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I am working on a project (which includes JavaEE web apps and JavaSE apps) that has grown from a single developer to a team of three, and issues of readability and robustness are starting to emerge.

One glaring omission from the Java language has been fine tuned contracts, and how easily these are exposed to other developers. (By contracts I mean mostly validating method parameters and object pre/post conditions).

There are a few solutions that I am looking at, and I would like to get some feedback from others who have some practical experience.

It would seem that Java currently has two supported ways to define a contracts:

  1. The assert statement
  2. Throwing exceptions (such as IllegalArgumentException)

Asserts seem to only have value as a debugging tool. Since asserts are not enabled by default, the expectation is that developers will only rely on them during some formalized testing period, after which they are ignored.

Throwing exceptions seems like a robust option in that they allow almost any kind of checks to be made. However, the range of exceptions defined by the Java library seem to be poorly suited to defining contracts (for examply subclasses of IllegalArgumentException don't specifically with range issues, null checks etc, and subclasses of IllegalStateException appear to be concerned with network connection and file states), which forces each group to define their own range of exception classes.

But the biggest problem is that neither asserts nor exceptions explicitly map contract requirements to parameters or concepts like pre and post conditions. It is expected that the developer will manually maintain the JavaDoc comments with the code to make it clear under what conditions an assert will fail or an exception will be thrown.

It is clear to me that the standard Java libraries don't adequately support design by contract, which brings me to my questions:

Are my assumptions above correct, or have I missed some property of asserts and exceptions that actually makes them quite useful for this kind of problem?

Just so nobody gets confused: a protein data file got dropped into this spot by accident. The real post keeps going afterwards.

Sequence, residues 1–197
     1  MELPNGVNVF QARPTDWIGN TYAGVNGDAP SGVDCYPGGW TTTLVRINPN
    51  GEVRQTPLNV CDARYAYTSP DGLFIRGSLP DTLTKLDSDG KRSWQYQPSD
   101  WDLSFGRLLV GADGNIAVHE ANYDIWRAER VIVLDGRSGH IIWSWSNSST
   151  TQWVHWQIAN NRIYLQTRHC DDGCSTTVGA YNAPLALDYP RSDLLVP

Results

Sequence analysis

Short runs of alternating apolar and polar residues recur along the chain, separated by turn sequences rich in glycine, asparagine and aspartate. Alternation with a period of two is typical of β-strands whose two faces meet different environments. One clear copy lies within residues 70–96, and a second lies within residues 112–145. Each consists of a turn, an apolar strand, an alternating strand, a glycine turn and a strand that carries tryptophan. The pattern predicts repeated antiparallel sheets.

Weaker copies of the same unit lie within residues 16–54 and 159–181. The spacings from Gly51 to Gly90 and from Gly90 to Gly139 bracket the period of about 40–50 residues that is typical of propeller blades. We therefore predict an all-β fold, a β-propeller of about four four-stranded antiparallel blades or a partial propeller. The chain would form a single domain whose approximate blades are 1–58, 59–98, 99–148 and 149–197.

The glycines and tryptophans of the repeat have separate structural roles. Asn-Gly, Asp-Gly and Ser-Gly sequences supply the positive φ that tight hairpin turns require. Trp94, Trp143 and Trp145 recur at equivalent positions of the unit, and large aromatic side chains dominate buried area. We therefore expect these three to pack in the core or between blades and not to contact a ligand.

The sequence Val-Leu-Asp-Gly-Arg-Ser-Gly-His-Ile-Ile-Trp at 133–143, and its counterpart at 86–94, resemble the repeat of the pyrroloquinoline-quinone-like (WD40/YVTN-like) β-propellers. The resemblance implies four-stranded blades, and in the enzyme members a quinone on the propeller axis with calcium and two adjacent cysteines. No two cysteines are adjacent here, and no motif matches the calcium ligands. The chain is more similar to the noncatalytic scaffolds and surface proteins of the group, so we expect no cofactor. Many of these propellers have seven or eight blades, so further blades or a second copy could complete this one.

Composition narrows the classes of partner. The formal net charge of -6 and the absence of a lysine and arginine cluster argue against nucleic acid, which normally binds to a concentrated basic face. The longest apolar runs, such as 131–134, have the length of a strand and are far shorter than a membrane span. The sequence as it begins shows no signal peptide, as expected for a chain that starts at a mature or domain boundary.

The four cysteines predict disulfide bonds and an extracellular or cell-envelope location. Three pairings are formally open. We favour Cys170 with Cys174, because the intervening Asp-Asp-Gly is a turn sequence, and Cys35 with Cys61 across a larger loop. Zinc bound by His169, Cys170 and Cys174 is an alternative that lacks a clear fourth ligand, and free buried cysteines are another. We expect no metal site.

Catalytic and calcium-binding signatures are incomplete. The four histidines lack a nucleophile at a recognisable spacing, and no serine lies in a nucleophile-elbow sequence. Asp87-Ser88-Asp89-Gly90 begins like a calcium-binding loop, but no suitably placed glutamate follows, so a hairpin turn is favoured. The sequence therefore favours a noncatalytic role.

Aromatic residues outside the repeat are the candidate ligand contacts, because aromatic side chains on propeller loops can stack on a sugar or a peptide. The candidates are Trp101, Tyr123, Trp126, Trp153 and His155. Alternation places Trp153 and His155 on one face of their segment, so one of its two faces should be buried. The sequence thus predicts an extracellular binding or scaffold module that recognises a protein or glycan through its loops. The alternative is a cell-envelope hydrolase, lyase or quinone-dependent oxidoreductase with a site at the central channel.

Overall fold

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Hi Phyxx, please see the FAQ. We generally try to avoid discussion questions or those that ask for recommendations. The questions become too broad, not constructive, and simply generate a lot of "me too" type answers. Consider editing this to narrow the scope of your question to something more specific and less about product recommendations. –  jmort253 May 7 '12 at 2:37
is this question better suited for stackoverflow.com? –  k3b May 7 '12 at 7:48
@jmort253 My interpretation is actually that "Which technology should I learn next?" are explicitly offtopic. I edited it however and feel that it should be answerable now. –  maple_shaft May 7 '12 at 13:19
This doesn't answer your question, but a Java developer can extend Exception and throw any kind of Exception she or he wants. –  Gilbert Le Blanc May 7 '12 at 14:35
@maple_shaft - I think that did the trick. –  jmort253 May 7 '12 at 17:17
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2 Answers

Your assumptions are correct. Java requires a third-party library to implement design by contract.

Here are some third-party libraries listed in the Wikipedia article on design by contract.

Contract4J, jContractor, Jcontract, C4J, Google CodePro Analytix, STclass, Jass preprocessor, OVal with AspectJ, Java Modeling Language (JML), SpringContracts for the Spring framework, Modern Jass, Custos using AspectJ,JavaDbC using AspectJ, JavaTESK using extension of Java, chex4j using javassist, or Contracts for Java, and the highly customizable java-on-contracts.

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Usually I find that good tests plus a sensible level of runtime validation deliver most of the benefits of design-by-contract. I'm not sure it is necessarily worth bring in a whole new toolset for design-by-contract in normal Java programs.

Techniques you can use without leaving standard Java:

  • Use JUnit tests to explicitly post conditions on a wide variety of inputs
  • For any public API (i.e. one that is intended to be consumed by external users / other groups in your organisation) do runtime validation of parameters explicitly. Throw exceptions with a meaningful error message in the event of any invalid input (an IllegalArgumentException is fine, but do make sure the message makes sense!)
  • For any functions that validate their arguments, you should write JUnit tests with invalid input and verify that an exception is thrown (this is effectively a pre-condition test)
  • Write a validate() method for all complex custom objects that tests the internal state / consistency of the object and any composed sub-objects. You can call this method either during testing or at runtime to ensure that the whole structure is valid. Effectively this is an invariant check on a data structure.
  • Use asserts within functions to test for invariants during execution. These can be expensive, so it make sense to use asserts so that the checks will not be applied in production code, but these checks are very valuable during testing and debugging. Remember that your assets should also get used during your JUnit automated test suite runs, so you should pick up most logic errors during development.
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